of what we would expect next to a road, next to all these vehicles coming past. the legal limit is 200 micrograms per metre cubed over the course of one hour. and that has already been breached in various places in london throughout the year. walking away from the main road, this is the area where the rush—hour ban will take effect. it's really important that we actually start with the streets that are the most polluted. at peak times, surrounding a very important school where air pollution is significantly high, the highest in london in terms of our measures for air pollution. so it's important that we look at the streets that surround this particular area, work with our neighbouring borough of hackney and find a solution that really will make a big difference. around the world, targets are being set for electric or vehicles with extremely low emissions. there is no doubt that pollution levels are often dangerously high. it's now up to local authorities, governments, industry and consumers
to decide how best to clean up the air that we breathe. john maguire, bbc news, east london. more now on the announcement by the met office that 2018 was the joint hottest summer on record for the uk. figures show the highs forjune to the end of august were tied with those of 1976, 2003 and 2006. england however saw its hottest summer ever, with an average temperature of 17.1 celsius recorded across the three months. that narrowly beat the average of 17.0c recorded back in the balmy summer of 1976. the hottest day of the year was recorded in july, when temperatures reached 35.3 celsius in faversham in kent. tomasz schafnaker from the bbc weather centre explained that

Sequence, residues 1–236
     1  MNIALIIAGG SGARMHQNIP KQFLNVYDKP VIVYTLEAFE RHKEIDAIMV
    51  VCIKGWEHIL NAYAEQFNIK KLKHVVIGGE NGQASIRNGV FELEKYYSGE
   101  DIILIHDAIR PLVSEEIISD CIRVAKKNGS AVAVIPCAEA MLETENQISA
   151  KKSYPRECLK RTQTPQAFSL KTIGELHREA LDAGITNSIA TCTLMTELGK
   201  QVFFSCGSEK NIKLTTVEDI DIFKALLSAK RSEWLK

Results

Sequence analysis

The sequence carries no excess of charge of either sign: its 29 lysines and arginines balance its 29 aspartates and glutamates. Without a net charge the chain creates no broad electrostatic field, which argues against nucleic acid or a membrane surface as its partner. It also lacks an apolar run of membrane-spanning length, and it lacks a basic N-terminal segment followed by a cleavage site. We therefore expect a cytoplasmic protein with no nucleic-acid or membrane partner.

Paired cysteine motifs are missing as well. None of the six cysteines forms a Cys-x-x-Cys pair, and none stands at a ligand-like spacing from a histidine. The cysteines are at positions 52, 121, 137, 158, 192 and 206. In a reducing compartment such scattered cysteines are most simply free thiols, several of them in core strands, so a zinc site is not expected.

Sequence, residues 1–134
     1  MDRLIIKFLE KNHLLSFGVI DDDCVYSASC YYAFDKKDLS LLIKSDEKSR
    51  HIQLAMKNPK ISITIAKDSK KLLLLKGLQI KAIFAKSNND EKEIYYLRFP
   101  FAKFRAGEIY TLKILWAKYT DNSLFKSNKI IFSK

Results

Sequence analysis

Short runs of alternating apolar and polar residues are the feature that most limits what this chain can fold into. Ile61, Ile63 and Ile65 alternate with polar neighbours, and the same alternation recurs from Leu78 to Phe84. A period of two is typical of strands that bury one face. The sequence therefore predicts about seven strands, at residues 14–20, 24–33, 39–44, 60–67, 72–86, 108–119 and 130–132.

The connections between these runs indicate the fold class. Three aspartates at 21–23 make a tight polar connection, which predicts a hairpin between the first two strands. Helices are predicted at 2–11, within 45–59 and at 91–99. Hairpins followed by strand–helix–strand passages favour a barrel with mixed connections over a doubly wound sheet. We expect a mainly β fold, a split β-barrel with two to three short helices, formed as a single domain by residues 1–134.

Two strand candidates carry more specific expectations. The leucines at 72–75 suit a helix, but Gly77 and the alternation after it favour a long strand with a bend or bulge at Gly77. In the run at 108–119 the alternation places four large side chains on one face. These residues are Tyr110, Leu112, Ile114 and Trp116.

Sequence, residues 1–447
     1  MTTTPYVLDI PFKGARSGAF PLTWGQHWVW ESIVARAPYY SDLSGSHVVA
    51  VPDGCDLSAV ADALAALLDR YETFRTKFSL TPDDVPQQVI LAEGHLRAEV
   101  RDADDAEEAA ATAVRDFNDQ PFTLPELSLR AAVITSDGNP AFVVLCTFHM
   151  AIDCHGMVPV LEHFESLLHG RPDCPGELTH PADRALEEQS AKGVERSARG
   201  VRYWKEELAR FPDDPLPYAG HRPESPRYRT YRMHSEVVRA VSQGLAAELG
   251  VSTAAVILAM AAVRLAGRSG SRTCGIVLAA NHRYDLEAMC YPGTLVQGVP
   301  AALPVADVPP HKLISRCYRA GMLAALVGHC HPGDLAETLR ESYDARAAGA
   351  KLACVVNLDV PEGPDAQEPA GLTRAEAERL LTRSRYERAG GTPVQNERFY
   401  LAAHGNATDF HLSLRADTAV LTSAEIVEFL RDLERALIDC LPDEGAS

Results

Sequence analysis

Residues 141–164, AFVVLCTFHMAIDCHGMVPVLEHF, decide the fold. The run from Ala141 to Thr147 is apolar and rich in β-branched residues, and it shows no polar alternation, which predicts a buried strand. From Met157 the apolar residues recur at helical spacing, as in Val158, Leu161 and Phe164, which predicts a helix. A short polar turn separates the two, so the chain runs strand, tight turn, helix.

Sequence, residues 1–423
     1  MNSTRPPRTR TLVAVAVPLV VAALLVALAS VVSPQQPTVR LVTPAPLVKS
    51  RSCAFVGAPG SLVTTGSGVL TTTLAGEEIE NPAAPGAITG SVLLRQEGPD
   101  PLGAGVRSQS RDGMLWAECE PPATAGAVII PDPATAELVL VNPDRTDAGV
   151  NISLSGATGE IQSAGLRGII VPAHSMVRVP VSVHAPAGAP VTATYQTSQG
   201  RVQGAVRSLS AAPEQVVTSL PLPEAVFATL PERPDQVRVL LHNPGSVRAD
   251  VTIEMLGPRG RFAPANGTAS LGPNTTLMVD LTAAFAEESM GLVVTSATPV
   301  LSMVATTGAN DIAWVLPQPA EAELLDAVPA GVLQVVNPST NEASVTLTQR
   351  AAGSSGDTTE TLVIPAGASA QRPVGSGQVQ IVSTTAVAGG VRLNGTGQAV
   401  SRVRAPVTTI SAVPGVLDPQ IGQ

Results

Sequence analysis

a pattern of more hot summers could be emerging. we have been seeing hot years close to each other so 2003, 2006, 2018, very close together we are getting these kind of heat waves? is this a pattern? they looks like it is odd according to the met office it is consistent with global warming. and who knows, we may have a hot summer next year but we may not have one for another ten years but the indication is we will have one like this sooner rather than later. let's talk to professor manoj joshi from the climatic research unit at the university of east anglia. when we talk about a pattern of climate change, what is your reading of it? it is consistent with global warming signal and that means these